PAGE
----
Rotorua, the geothermal centre of New Zealand, one of the main tourist attractions, turned out to be a rather short stop on our way. Before you even get close to the city, you are welcomed by the unmistakable, ever present odour of sulphur, blown into the air by the many geothermal hotspots along the highway. The most popular one, Wai-o-tapu ('holy waters'), charges you around 35$ for the smelly experience. The colorful lakes must be interesting, but for our taste it was just too much money for something so focused on artificially drawing tourists.
They put up Maori style poles and decorations everywhere, which would be a good thing, if it weren't just for getting more people and money there and forcing the towns popularity just a bit more (quite small and not soo remarkable by itself, but with what felt like thousands of rather pricy hotels and motels lined up everywhere). To keep the tourists' good mood up, they even 'help' the geyser with some chemicals to spout off at exactly 10:15 each day.
Long story cut short, for us it was all a bit too artifical and too smelly.
A bit further along the road, we had our own small (and free) geothermal experience: A hot bath in 'Kerosene creek' a naturally heated river that has carved a little pool in the forest, not too far from the highway. Quite an interesting experience, lounging in a hot pool in the middle of the forest!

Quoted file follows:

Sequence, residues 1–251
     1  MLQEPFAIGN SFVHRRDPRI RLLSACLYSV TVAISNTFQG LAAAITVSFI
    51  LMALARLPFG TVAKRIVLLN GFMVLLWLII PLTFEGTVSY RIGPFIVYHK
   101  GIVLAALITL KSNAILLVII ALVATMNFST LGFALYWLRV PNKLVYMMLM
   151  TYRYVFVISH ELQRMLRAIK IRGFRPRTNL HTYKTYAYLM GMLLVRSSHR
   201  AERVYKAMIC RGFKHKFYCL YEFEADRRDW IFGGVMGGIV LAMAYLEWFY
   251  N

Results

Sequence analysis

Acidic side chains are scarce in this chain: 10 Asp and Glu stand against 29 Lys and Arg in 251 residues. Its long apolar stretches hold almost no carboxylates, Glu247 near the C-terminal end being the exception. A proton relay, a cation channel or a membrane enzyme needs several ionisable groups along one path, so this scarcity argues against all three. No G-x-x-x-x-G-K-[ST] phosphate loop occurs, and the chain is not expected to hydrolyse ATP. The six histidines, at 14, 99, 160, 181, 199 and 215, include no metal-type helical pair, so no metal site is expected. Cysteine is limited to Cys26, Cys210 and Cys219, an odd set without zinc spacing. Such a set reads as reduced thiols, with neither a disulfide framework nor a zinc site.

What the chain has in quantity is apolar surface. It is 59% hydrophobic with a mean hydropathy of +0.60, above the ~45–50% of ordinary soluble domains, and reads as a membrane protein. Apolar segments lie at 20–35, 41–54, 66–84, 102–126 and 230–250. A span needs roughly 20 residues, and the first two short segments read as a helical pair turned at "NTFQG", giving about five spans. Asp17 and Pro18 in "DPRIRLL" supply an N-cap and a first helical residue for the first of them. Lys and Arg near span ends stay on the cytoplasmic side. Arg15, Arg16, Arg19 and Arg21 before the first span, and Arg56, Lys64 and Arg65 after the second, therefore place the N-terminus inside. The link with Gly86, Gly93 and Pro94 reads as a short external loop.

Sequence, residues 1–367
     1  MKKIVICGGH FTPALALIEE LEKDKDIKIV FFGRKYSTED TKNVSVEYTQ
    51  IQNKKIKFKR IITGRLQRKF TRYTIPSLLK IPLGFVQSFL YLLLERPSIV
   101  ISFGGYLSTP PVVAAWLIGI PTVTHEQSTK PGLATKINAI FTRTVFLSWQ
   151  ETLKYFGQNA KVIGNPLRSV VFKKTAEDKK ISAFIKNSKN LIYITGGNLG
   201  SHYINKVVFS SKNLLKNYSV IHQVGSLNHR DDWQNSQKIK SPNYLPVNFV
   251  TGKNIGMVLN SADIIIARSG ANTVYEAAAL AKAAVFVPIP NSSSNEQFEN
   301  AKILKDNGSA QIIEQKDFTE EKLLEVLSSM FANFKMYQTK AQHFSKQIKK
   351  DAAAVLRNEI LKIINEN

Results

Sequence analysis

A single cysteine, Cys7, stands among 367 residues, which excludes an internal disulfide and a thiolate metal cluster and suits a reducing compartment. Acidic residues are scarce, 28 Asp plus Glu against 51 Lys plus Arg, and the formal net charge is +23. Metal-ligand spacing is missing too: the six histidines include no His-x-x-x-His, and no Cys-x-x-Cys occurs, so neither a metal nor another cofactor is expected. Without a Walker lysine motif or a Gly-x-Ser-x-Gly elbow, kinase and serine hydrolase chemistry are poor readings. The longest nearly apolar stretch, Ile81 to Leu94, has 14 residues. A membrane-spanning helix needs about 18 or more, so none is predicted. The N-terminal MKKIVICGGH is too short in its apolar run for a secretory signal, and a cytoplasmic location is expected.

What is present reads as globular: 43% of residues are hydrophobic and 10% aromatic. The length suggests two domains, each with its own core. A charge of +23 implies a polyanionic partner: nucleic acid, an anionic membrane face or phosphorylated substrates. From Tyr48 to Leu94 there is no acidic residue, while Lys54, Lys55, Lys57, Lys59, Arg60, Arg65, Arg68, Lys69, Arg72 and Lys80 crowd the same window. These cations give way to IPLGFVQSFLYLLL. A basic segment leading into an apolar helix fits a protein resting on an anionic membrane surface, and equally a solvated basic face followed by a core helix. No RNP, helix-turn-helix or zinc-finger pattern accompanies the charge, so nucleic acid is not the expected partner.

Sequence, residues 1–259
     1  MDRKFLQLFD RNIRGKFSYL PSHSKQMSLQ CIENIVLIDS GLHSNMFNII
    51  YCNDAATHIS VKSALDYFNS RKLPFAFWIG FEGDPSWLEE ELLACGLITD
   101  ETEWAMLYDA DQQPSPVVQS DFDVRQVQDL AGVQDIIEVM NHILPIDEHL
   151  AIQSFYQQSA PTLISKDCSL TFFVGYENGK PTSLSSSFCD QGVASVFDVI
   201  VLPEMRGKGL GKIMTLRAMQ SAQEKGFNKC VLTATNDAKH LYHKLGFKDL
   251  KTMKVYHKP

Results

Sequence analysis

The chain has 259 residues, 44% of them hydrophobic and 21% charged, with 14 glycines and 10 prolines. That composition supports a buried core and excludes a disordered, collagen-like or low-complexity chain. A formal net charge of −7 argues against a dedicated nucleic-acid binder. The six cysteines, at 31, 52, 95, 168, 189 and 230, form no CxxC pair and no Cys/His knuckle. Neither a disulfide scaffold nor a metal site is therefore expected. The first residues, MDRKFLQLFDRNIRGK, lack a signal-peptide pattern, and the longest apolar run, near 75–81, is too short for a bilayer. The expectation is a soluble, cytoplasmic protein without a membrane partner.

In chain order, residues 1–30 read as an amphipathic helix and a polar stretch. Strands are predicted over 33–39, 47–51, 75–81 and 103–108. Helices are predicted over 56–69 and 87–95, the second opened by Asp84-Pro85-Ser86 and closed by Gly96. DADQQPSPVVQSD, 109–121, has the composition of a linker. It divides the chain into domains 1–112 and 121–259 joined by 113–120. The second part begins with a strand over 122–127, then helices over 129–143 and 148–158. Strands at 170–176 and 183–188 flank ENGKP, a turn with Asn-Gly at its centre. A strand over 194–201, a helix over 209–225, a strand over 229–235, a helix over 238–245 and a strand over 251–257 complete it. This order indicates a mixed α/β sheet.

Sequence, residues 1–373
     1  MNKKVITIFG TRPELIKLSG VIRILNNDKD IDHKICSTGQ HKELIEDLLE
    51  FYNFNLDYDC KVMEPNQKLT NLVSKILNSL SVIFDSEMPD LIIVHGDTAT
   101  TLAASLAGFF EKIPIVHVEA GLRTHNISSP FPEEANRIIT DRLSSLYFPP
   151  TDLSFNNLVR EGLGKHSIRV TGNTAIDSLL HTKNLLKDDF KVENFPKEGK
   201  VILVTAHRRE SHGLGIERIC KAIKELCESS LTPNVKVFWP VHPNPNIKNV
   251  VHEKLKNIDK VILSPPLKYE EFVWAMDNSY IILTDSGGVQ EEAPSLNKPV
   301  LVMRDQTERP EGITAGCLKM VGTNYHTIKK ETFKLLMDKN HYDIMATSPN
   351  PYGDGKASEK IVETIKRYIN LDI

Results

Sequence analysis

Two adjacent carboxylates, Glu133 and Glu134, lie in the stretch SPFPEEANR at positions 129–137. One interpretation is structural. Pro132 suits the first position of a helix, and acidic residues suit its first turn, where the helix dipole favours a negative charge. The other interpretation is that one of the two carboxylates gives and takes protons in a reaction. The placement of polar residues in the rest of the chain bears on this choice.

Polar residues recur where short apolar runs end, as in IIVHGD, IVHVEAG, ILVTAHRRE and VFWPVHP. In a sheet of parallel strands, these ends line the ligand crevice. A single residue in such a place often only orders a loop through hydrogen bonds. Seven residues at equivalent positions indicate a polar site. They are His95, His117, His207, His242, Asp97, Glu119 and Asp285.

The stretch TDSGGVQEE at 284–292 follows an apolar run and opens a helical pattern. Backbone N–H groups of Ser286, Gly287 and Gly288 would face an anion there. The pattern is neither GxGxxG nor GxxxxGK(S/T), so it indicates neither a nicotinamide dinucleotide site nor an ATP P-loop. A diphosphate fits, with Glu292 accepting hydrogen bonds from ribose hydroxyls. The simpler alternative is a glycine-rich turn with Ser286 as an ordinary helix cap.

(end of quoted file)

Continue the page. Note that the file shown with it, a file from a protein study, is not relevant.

Lakes and Mountains
|Near sunset at Lake Taupo|
Giants like Tongariro or its brother peak, Ngauruhoe (starring as 'Mount Doom' in the Lord of the Rings movies) don't need a lot of color to be stunning.
They don't seem that high if you are close to them, the plains around them already being 1000m above sea level, but still, the 1900 /2300m peaks dominate the views from afar.
Finding the 'Tongariro Crossing' parking lot bursting with cars at our arrival, we spent the day relaxing on one of the camp sites in nearby Kaimanawa Forest Park and hoped for better weather and less people at Christmas Day. Unfortunately it was a lot more cloudy then, we couldn't even see the lower parts of the mountains from the start of the track. We heard some stories about the amazing view (you can see both oceans on a very clear day) and the Emerald lakes up there must be great to see, not to speak about the exciting experience of walking next to still active, steaming volcano craters. But it is a ca. 6 hours walk, and we want to make sure the views are worth the effort. So we will hopefully find a nice clear day when we are back at the North Island. For now, it was impressive enough to see them from down below and we, again, felt like being right in Middle-Earth.